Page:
There’s a storm a brewin’. A Sports Personality of the Year size storm. It might seem like a harmless night of fun and entertainment to the vast majority of us but the BBC take this annual event extremely seriously. Extremely.
Every year there’s a vast set of rules that have to be fastidiously adhered to. Coverage for each shortlisted sports star is measured to the absolute millisecond to counter any claims of bias and judging is one of the most securely guarded processes auntie beeb endures. Prime Ministers and royalty have flounced in and out of the BBC with less rigour than SPOTY (work it out).
And this is the reason why the BBC is about to dive headlong into a protracted and, quite frankly, pointless debate over the inclusion of Marcus Rashford in this year’s shortlist. Depending on what you read, the Manchester United striker will not be allowed on the shortlist because his high-profile and popular free school meals campaign, which drew one u-turn from the government and is awaiting a second, was not done in the sporting arena.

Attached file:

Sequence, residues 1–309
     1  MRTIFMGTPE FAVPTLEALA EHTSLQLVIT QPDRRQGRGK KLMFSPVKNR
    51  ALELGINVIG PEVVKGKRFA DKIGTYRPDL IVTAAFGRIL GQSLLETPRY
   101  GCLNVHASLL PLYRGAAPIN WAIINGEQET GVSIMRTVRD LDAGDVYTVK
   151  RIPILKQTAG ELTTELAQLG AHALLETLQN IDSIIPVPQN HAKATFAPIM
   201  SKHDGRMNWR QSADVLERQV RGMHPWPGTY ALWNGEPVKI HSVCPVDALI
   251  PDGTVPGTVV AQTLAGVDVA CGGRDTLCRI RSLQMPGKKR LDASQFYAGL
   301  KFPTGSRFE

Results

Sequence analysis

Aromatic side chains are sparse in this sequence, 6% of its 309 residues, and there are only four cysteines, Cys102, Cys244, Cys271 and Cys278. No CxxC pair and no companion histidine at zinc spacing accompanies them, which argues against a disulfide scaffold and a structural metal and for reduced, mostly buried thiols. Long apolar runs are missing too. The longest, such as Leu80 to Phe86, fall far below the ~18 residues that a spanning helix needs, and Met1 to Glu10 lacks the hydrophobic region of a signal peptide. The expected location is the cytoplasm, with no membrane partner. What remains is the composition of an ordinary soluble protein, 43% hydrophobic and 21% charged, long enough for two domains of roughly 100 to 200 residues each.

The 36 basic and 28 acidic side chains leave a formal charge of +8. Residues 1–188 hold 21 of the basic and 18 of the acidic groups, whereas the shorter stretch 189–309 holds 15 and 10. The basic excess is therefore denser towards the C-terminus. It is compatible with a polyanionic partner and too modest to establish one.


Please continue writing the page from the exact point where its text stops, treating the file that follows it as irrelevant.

Some insist this rules the England star, who turns 23 on Saturday, categorically out.
But remember, this deeply talented footballer didn’t have to speak out on behalf of those less fortunate. On behalf of those who find themselves where he once was. But he did, he chose the path less travelled, and stood up to the powerful with bravery and humility.
And here’s something else to consider. According to the BBC, you know, the people who run the show, the main award goes to the - and we quote - “sportsperson whose actions have most captured the UK public's imagination”.
More than one million people have now signed Marcus Rashford’s petition calling for the government to extend free school meals. If that’s not capturing the public’s imagination, then we don’t know what is.
No contest, give the man what he so rightly deserves.